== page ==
Bruker Corporation, a provider of nuclear magnetic resonance (NMR) spectroscopy solutions for life and materials research, announces the successful installation of a 1.2 GHz NMR system at the National Gateway Ultrahigh Field NMR Center at The Ohio State University.
Ultra-high field NMR is complementary to other structural biology technologies in that NMR can measure functional molecular dynamics and structural rearrangements for functional structural biology. Key areas of NMR applications include organic chemistry, macromolecular structure determination, drug-target binding, and protein-protein or protein-RNA interactions — all close to native conditions and in solution, or even in situ in cell membranes. NMR also has unique capabilities to elucidate ‘hidden’, short-lived protein transition states from healthy to disease biologies, such as active enzymes or the onset of protein aggregation in neurodegenerative diseases. Finally, many key proteins in cell biology, such as transcription factors or proteins implicated in cancer, infectious disease, or neurodegeneration, are intrinsically disordered, or partially disordered. GHz-class NMR enables pivotal research of functional molecular disorders in many areas of pathobiology.
The U.S. National Science Foundation (NSF) has played a crucial role in funding the 1.2 GHz NMR instrument at The Ohio State University. Dr. Robert Fleischmann, who is the NSF program officer of the grant that funded the 1.2 GHz NMR instrument (NSF Award 1935913), considers this instrument an important advancement of the scientific infrastructure in the United States: “Supported by one of the first awards made by NSF’s Directorate for Biological Sciences as part of the agency’s Midscale Research Infrastructure program, the 1.2 GHz NMR will fulfill a national need and enable U.S. researchers to be competitive in a global research environment and advance the U.S. bio-economy. It’s a prime example of the type of infrastructure the program was designed to support — the critical tools and technology that fall between major research instrumentation and large facilities.”
The 1.2 GHz AVANCE NMR spectrometer is a state-of-the-art instrument that enables high-resolution liquid and solid-state NMR experiments. Researchers will use it at Ohio State and across the U.S. to study advanced materials, for example, for batteries, and the structure and dynamics of biological molecules, to advance the understanding of the underlying mechanisms of diseases, such as cancer, cardiovascular disease, viral infections, or Alzheimer’s disease.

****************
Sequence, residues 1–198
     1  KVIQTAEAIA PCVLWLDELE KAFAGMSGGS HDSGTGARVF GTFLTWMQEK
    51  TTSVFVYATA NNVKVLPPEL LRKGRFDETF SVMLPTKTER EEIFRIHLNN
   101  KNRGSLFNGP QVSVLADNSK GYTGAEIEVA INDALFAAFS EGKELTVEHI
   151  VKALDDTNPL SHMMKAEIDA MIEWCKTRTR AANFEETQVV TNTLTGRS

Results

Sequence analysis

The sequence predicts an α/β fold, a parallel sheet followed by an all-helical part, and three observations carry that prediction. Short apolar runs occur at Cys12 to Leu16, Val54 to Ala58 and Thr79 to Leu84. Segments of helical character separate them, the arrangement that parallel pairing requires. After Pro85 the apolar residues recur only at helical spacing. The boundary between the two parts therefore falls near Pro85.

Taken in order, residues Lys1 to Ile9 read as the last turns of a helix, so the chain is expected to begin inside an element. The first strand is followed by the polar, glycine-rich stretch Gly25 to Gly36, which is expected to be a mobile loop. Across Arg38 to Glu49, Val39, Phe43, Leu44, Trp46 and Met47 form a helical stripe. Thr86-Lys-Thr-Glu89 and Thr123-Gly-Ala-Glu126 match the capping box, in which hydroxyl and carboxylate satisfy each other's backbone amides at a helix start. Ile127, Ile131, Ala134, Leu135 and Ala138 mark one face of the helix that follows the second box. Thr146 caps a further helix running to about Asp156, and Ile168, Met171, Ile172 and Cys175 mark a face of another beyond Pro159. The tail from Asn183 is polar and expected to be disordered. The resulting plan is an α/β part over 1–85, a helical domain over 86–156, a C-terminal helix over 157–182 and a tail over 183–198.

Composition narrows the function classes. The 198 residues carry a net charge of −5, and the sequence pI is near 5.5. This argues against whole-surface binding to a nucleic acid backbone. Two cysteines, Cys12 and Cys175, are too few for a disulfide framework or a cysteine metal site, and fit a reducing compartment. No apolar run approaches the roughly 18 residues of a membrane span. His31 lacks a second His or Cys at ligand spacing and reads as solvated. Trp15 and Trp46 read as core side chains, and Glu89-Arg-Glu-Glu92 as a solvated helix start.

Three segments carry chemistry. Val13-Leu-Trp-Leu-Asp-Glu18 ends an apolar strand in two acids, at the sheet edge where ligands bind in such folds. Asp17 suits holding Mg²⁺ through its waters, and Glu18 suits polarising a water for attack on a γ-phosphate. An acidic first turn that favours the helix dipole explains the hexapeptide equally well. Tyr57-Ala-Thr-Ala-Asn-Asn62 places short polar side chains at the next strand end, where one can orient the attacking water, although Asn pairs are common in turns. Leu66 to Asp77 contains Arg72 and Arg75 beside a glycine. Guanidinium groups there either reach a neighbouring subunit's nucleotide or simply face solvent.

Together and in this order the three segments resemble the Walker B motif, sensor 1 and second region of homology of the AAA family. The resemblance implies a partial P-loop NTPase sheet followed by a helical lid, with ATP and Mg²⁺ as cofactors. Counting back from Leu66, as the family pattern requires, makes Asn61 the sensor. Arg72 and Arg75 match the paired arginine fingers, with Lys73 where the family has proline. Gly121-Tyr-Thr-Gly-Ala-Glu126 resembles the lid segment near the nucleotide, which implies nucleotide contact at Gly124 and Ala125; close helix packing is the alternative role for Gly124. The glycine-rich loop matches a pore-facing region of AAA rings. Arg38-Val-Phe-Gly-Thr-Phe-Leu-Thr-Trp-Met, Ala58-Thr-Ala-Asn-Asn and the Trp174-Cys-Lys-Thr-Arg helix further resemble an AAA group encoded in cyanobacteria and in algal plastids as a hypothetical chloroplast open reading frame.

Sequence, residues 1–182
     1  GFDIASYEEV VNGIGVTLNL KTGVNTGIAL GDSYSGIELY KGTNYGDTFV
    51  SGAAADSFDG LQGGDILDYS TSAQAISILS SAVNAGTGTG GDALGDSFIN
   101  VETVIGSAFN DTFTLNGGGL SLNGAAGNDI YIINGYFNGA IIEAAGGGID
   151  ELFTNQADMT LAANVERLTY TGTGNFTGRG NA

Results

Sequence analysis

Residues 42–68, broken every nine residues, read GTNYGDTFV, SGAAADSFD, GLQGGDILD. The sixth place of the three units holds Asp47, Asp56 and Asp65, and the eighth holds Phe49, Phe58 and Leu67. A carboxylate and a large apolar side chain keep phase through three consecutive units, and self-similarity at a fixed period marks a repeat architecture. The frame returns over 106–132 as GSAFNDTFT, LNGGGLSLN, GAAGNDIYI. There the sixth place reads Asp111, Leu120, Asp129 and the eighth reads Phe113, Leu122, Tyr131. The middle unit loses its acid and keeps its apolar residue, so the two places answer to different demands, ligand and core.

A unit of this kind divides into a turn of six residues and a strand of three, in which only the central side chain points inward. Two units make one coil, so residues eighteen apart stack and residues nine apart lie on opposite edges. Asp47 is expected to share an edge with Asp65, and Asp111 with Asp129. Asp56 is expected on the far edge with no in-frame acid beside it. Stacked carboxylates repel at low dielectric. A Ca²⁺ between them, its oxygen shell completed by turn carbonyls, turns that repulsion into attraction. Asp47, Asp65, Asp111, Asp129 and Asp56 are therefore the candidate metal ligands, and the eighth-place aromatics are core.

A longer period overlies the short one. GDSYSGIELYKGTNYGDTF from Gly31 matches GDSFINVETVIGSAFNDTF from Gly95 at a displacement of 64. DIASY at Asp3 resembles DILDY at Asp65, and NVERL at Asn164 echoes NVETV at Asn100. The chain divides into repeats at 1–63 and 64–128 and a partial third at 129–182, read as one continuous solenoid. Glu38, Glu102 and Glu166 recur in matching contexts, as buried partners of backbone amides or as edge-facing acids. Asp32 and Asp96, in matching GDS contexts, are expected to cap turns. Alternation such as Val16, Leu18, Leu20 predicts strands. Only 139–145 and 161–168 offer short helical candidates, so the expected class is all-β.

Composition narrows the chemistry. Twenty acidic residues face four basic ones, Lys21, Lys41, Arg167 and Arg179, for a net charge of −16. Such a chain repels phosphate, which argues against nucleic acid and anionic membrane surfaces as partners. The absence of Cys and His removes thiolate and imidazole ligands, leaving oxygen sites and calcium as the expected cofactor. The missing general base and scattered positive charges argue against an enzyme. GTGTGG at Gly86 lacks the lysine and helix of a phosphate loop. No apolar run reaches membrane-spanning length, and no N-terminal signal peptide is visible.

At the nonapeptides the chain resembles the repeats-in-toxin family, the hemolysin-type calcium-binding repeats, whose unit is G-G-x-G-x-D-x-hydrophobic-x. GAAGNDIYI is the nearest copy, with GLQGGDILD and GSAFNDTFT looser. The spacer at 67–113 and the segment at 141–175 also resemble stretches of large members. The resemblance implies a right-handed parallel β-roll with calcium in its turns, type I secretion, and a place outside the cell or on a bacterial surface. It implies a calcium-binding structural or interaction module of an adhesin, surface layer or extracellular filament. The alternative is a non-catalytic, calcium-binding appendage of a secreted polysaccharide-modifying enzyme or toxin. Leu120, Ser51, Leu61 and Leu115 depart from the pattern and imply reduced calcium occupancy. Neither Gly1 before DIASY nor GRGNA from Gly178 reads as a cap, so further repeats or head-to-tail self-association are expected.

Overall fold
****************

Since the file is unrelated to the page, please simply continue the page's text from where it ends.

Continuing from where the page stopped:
Dr. Rafael Brüschweiler, a professor of chemistry and biochemistry at The Ohio State University, and PI of the National Gateway Ultrahigh Field NMR Center, is a leading expert in NMR. His cross-disciplinary research has been instrumental in the development of new techniques to understand the role of protein dynamics and interactions, as well as to analyze complex biological mixtures in metabolomics.
“The installation of the 1.2 GHz NMR instrument gives us the capability to explore the structure and dynamics of biological molecules at an unprecedented level of detail. This breakthrough will enable significant advances in our understanding of how these molecules function, ultimately leading to the development of new treatments for diseases. We are excited about the possibilities that lie ahead and look forward to the discoveries that this new technology will facilitate,” said Professor Brüschweiler.
“We are honored to work with The Ohio State University to bring this groundbreaking technology to the United States. GHz-class NMR represents a leap forward in the ability to study the structure and function of biological molecules. We look forward to the scientific impact that GHz-class NMR will have on cutting-edge life science and materials research at OSU and in the US.”
The Ohio State University has the first 1.2 GHz NMR in the United States, a milestone in advancing US life science and materials research infrastructure, with leadership and funding by the National Science Foundation. In Europe, eight 1.2 GHz NMRs are installed, with four more on order, while in Asia-Pacific the Korea Basic Science Institute (KBSI) has taken the lead with a 1.2 GHz on order, while Riken in Japan already has the first single-story 1.0 GHz NMR installed.
NSF has also funded two 1.1 GHz NMRs, with a solid-state research system recently installed at the University of Wisconsin-Madison, and a liquids research system on order for the Complex Carbohydrate Research Center at the University of Georgia. Together with the 1.1 GHz at St. Jude’s Children’s Research Hospital, these ultra-high field instruments can enable significant advancements in US scientific research.
Finally, with high interest recently also in compact, single-story 4 Kelvin 1.0 GHz NMRs, there are now nine 1.0 GHz systems installed at customer sites, with six in Europe, and one 1.0 GHz system each in Israel, Canada, and Japan (including earlier two-story 2 Kelvin magnets).